Media Coverage

11/18/19
News outlets reported on a retrospective five-year study of 1,314 patients with multiple sclerosis (MS) by researchers in the Jacobs School of Medicine and Biomedical Sciences. The team found that atrophied brain lesion volume is the only marker from MRI scans that can accurately predict which patients will progress to the most severe form of the disease. “This study corroborates initial reports from our group regarding using atrophied lesion volume as a potential MRI marker of disease progression in a large, population-based cohort of MS patients followed in clinical routine,” said Robert Zivadinov, MD, PhD, professor of neurology in the Jacobs School and director of the Buffalo Neuroimaging Analysis Center and the Center for Biomedical Imaging at UB’s Clinical and Translational Science Institute.
9/23/19
Research led by Robert Zivadinov, MD, PhD, professor of neurology, found that while a commonly used imaging linear contrast agent, gadodiamide, does accumulate in the brain early in the disease, there is no discernible clinical impact. “This study is one of the first to investigate the longitudinal association between well-established clinical and MRI outcomes of disease severity and gadolinium deposition,” he said. “The findings from this study should be incorporated into a risk-versus-benefit analysis when determining the need for GBCA administration in individual MS patients.”
9/9/19
Research by Kinga Szigeti, MD, PhD, associate professor of neurology and director of UB’s Alzheimer’s Disease and Memory Disorders Center, shows that a gene that three in four people have is the key reason that Alzheimer’s drugs that show promise in animal studies failed in human trials, and that people with Alzheimer’s who receive more individualized treatments may have more success. “Since this human fusion gene was not present in the animal models and screening systems used to identify drugs, 75 percent of Alzheimer's patients who do carry this gene are less likely to benefit and therefore are at a disadvantage,” she said.
6/20/19
People with neuroimmunologic disorders — such as multiple sclerosis and myasthenia gravis (MG) — have concerns about the safety of vaccines for measles and other conditions but are also concerned about their additional risks of infection. “A person without a chronic neurologic illness has to contend with the symptoms of measles or shingles alone, but with one of these disorders, the disease itself can be worsened by that infection,” explains Nicholas J. Silvestri, MD, clinical associate professor of neurology.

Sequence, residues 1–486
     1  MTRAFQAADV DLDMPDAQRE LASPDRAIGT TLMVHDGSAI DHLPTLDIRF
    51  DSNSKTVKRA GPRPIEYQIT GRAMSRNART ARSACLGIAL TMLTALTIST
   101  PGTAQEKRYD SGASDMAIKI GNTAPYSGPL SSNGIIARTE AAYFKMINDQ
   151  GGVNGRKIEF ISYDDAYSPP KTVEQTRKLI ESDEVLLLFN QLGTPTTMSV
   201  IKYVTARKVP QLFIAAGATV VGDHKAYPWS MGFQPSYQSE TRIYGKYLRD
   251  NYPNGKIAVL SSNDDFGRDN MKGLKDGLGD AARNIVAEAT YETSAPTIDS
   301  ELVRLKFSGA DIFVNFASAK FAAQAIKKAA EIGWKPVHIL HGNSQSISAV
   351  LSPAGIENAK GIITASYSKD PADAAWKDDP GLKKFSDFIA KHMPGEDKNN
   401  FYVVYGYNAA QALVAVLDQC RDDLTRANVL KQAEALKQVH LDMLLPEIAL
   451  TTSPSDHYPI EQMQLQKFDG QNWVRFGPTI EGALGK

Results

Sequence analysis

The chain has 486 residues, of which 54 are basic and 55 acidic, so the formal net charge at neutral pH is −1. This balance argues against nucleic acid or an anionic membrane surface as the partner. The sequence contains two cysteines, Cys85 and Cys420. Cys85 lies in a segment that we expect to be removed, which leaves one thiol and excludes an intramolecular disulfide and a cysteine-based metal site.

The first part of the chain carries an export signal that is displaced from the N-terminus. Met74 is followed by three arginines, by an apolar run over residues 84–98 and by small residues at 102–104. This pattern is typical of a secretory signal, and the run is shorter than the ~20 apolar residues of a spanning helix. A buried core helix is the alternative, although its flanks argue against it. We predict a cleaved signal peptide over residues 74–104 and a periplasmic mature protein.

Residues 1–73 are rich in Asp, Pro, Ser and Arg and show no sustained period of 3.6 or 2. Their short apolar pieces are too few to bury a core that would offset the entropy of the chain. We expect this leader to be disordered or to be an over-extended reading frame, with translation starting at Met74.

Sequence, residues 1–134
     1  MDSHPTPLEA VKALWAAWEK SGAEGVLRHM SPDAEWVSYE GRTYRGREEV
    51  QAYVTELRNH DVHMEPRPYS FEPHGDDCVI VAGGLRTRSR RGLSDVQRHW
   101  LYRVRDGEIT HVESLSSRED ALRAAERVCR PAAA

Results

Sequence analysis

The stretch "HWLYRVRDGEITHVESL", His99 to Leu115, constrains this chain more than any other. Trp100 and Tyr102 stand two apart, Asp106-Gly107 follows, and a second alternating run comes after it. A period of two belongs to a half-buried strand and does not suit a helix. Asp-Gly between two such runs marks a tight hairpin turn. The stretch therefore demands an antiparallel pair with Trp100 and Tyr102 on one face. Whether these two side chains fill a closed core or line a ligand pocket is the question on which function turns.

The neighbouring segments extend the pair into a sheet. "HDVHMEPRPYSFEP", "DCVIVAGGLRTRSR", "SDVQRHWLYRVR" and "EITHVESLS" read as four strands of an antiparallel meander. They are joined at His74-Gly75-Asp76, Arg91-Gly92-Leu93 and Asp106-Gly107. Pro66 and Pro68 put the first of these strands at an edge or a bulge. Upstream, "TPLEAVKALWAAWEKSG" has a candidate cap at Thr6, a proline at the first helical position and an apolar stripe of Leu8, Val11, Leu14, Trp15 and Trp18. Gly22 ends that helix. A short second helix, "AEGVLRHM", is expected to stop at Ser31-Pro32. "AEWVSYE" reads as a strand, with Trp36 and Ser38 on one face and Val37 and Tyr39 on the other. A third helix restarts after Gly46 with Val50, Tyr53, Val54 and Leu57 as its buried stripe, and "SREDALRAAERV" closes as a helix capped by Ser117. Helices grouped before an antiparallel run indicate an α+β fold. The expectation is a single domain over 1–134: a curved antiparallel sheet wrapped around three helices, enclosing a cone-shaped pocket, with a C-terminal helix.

5/6/19
A $2 million National Institutes of Health grant to UB’s Hunter James Kelly Research Institute will fund a novel approach into understanding and ultimately curing Krabbe’s Disease, the disease that killed Hunter James Kelly, the son of Jim and Jill Kelly for whom the institute was named. “Krabbe is a devastating neurological disease of newborn babies, bringing them, unfortunately, to die within a few years of life," said M. Laura Feltri, MD, professor of biochemistry and neurology, and co-director of the institute.
4/11/19
Publications reported on an international study published in The Lancet Neurology and led by Gil I. Wolfe, MD, UB Distinguished Professor and Irvin and Rosemary Smith Chair of the Department of Neurology, that found that patients with the autoimmune disease myasthenia gravis do better when they undergo surgery to remove the thymus gland even five years after the procedure than do patients who do not undergo the surgery.
2/19/19
An article about efforts by the police department in Stockton, California, one of the nation’s most dangerous cities, to help officers learn how to talk about their feelings and better cope with the stress of the job reports a UB study found that between 9 and 19 percent of officers nationally are at risk for PTSD. The article notes Janet L. Shucard, PhD, associate professor of clinical neurology, and her team “hypothesize that PTSD impairs the attention and response control processes that are necessary for rapid and accurate decision-making.”
2/19/19